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Interim Education Minister reveals difficulties in opposition-held areas

By Abdullah Ghadawi

(Zaman Al Wasl)- Dr. Imad Barq, the Minister of Education in the opposition's interim government, reveals in an interview with Zaman al-Wasl how the education proccess is rolling on in rebel-held areas and gives more highlights over the accreditation of certificates, changes to curricula, and the challenges facing the Ministry.

- The Ministry of Education is known for its role inside Syria, what have you achieved in the last period?

Our role inside Syria is due to our position as the first official institution in the Syrian interim government which moved its headquarters from Turkey to Syrian in August 2014. We began monitoring Syrians’ education through nine education directorates in nine governorates in liberated areas (Aleppo - Idlib - Damascus Suburbs- Homs - Hama - Lattakia - Damascus city- Daraa - Quneitra). Several educational complexes affiliated to the education directorates were established, 36 in total, most of which cover education in the liberated areas.

The Ministry has achieved much in the field of standardizing the curricula, supervising central examinations, and linking the educational process with a single reference represented by the Ministry. As well as securing many of the requirements for the educational process, and in this way, the Ministry formed a close relationship with the Syrian interior.

There are 2281 educational complexes. 96% of the schools are public of which about 5% are fully serviced, and in 95% the services are incomplete.

Approximately 2,820 schools are damaged and have stopped function. Around 60% of these are partially damaged, 20% are completely damaged, and 20% are used as shelter for internally displaced persons.

Who provides the salaries for the education sector and who are the supporting bodies?

Salaries, providing grants, supporting teachers or providing any form of the educational process happen through the Ministry of Education or its directorates by signing memorandums of understanding with local civil society organizations or foreign organizations. The memorandums define the basis and mechanisms for providing the support and financing the educational process in Syria.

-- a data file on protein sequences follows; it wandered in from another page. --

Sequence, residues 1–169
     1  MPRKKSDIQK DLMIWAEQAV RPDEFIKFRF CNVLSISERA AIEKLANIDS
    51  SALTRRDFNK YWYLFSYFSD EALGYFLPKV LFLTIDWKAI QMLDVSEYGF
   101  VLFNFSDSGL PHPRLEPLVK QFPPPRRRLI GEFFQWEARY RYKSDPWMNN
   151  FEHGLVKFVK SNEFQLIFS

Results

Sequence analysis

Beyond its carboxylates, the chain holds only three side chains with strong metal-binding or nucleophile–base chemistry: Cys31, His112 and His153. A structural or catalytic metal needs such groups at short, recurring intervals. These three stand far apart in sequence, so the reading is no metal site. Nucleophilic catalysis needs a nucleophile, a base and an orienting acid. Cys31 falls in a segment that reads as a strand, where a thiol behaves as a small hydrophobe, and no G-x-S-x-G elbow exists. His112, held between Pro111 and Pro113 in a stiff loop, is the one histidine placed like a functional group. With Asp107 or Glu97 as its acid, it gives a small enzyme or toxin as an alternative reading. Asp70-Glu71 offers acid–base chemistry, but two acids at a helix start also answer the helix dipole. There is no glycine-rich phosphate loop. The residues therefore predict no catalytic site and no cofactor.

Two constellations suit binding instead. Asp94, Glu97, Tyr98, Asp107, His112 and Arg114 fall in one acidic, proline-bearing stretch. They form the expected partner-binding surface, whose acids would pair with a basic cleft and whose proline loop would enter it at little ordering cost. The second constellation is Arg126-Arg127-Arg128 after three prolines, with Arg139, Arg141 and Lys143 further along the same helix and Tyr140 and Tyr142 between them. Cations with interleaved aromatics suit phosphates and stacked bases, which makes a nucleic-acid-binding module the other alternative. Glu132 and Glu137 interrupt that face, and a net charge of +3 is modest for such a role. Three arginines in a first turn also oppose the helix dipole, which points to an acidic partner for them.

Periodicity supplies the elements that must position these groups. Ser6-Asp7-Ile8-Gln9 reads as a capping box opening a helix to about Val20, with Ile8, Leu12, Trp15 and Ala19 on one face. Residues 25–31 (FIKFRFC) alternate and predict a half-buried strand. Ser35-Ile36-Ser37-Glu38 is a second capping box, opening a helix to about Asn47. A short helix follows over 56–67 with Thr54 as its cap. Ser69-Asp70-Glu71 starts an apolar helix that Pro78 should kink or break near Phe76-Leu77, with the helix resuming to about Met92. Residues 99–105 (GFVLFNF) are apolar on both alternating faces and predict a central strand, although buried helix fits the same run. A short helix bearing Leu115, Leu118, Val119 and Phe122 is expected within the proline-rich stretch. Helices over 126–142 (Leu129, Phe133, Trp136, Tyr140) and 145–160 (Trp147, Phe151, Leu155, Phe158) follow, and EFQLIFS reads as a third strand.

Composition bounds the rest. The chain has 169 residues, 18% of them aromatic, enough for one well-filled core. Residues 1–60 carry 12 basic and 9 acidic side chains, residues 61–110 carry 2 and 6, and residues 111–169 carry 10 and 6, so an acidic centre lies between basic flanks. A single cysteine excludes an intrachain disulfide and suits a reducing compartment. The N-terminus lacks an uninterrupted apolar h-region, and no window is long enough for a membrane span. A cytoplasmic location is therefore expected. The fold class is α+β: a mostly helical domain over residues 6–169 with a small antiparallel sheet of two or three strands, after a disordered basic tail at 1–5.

The National Coalition funded the national examinations for 2013, the Syrian interim government funded the 2014 examinations, and the Sankari Humanitarian Foundation funded the 2015 cycle. In 2016, this foundation also funded the exams, and part of the funding was from the management program funded by DFID, a British organization for development.

Certification Accreditation

- Are the certificates issued by the schools in liberated areas accredited in Turkey?

The 2014 examination round were evaluated by the Dutch organization Spark which supports the education of the Syrians. The organization prepared its report and presented it to the Turkish government. Based on the report, the Turkish, American, German and British governments approved the certificates issued by the Interim Ministry of Education. UNICEF evaluated the 2015 examination round, and that evaluation was also positive.

- Has there been a change in the previous curricula?

The Ministry of Education in the Syrian Interim Government has adopted the Syrian curricula used by the Syrian state and its educational institutions without modifying its scientific content. There has been no change in the curricula, but the Ministry of Education has carefully reviewed the curricula and made some modifications and improvements based on scientific recommendations of experts and specialists.